The French soldiers are shown using a British Vickers machine gun in one of the trench scenes. They should have been using a Hotchkiss weapon, or some other firearm of French design.
At the end of the film, when the German girl sings, there are modern (1950s) metal music stands on the stage.
During the first tracking with Dax in the trenches, the shadow of a boom mike is visible.
When preparing the three defendants for trial, Col. Dax tells them that he's seen the room where they'll be tried, and that the afternoon sun will be in their faces. In fact, the sun is at their backs.
The priest says "et spiritui sancti" instead of the correct "et spiritus sancti".
After the court martial, as the sergeant is addressing the guards describing the procedure and discipline required of the firing squad, all of the guards in the rank have a "710" regiment number collar pin whereas the sergeant (and those in Col. Dax's regiment) have a "701". Although it might be a simple matter of the costuming department transposing the two numerals, the difference might also be intentional. If a firing squad is going to execute three men in a given regiment, then you'd want to have men from another regiment come in and do it to avoid having men shooting their friends.
As Col. Dax walks past soldiers right before the attack, the same soldier with a pipe appears more than once.
After Gen. Mireau slaps the soldier in the trench, he continues on to Col. Dax's dugout and three soldiers carrying a machine gun pass him. The same three soldiers still with the machine gun pass him again when he and Dax are looking at the Ant Hill through the binoculars.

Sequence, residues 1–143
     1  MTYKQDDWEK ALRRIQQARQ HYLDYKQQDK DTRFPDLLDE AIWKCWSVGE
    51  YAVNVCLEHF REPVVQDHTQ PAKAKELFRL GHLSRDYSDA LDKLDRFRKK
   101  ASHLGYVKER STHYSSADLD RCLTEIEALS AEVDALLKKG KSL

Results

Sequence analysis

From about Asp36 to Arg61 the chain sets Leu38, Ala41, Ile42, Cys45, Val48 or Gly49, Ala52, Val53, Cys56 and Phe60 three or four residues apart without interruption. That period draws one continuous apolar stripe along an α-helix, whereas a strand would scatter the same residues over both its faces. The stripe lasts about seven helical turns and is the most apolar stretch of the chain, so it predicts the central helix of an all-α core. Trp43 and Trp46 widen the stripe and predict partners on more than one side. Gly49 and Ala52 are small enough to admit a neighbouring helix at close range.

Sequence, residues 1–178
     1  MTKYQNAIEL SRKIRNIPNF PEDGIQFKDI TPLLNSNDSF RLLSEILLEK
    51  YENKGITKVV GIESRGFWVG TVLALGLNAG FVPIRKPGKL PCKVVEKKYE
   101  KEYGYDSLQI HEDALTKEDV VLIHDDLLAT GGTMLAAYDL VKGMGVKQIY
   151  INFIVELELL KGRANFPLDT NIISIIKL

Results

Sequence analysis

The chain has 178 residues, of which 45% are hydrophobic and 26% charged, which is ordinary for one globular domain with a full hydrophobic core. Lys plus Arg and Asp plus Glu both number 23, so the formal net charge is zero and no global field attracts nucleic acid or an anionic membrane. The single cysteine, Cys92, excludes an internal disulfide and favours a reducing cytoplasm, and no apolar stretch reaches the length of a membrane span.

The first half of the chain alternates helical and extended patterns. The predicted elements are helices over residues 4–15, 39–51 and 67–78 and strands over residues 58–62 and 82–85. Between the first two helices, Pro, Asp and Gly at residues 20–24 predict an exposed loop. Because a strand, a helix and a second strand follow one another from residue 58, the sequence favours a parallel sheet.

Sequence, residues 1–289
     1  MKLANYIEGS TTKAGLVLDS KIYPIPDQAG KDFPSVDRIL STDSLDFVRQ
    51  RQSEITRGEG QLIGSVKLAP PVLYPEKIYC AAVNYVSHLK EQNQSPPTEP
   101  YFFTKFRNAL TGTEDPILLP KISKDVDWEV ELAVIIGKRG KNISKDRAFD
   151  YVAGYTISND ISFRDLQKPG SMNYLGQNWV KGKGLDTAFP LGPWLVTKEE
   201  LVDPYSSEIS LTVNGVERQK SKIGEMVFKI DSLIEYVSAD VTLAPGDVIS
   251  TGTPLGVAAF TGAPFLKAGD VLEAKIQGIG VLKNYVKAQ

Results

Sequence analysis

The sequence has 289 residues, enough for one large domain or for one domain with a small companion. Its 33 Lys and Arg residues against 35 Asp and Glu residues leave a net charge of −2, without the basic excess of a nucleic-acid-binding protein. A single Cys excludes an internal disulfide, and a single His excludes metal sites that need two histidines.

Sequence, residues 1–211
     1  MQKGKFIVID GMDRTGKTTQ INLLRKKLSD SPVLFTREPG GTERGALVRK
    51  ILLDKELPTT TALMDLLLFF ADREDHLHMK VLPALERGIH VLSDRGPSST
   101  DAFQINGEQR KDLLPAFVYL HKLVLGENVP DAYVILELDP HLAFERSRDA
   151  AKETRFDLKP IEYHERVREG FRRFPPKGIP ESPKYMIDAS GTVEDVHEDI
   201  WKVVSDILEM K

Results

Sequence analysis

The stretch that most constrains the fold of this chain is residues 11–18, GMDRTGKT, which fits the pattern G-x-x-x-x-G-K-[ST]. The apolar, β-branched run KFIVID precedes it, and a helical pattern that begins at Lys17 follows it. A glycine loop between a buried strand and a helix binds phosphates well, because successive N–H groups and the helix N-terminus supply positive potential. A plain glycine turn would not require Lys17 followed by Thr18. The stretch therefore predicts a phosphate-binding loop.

Camera wire visible in few shots where the prisoners are being taken to their execution spot.
Just before the German girl sings, the soldiers begin to cheer and whistle enthusiastically. In Europe, unlike in the US, whistling is a way of showing displeasure, like booing.
As Col. Dax is running through the trenches after Gen. Mireau gives his order, a "dead" soldier blinks.
Near the beginning of the film Pvt. Ferol, when asked by Gen. Mireau, states that he has no wife--but while walking to the firing squad he is crying on the shoulder of the priest that he will never see his wife again.
During the execution itself the sky repeatedly shifts between gray and overcast in some shots to bright sunshine in others, noticeably changing the natural light, causing shadows and sun glare to appear and disappear from shot to shot.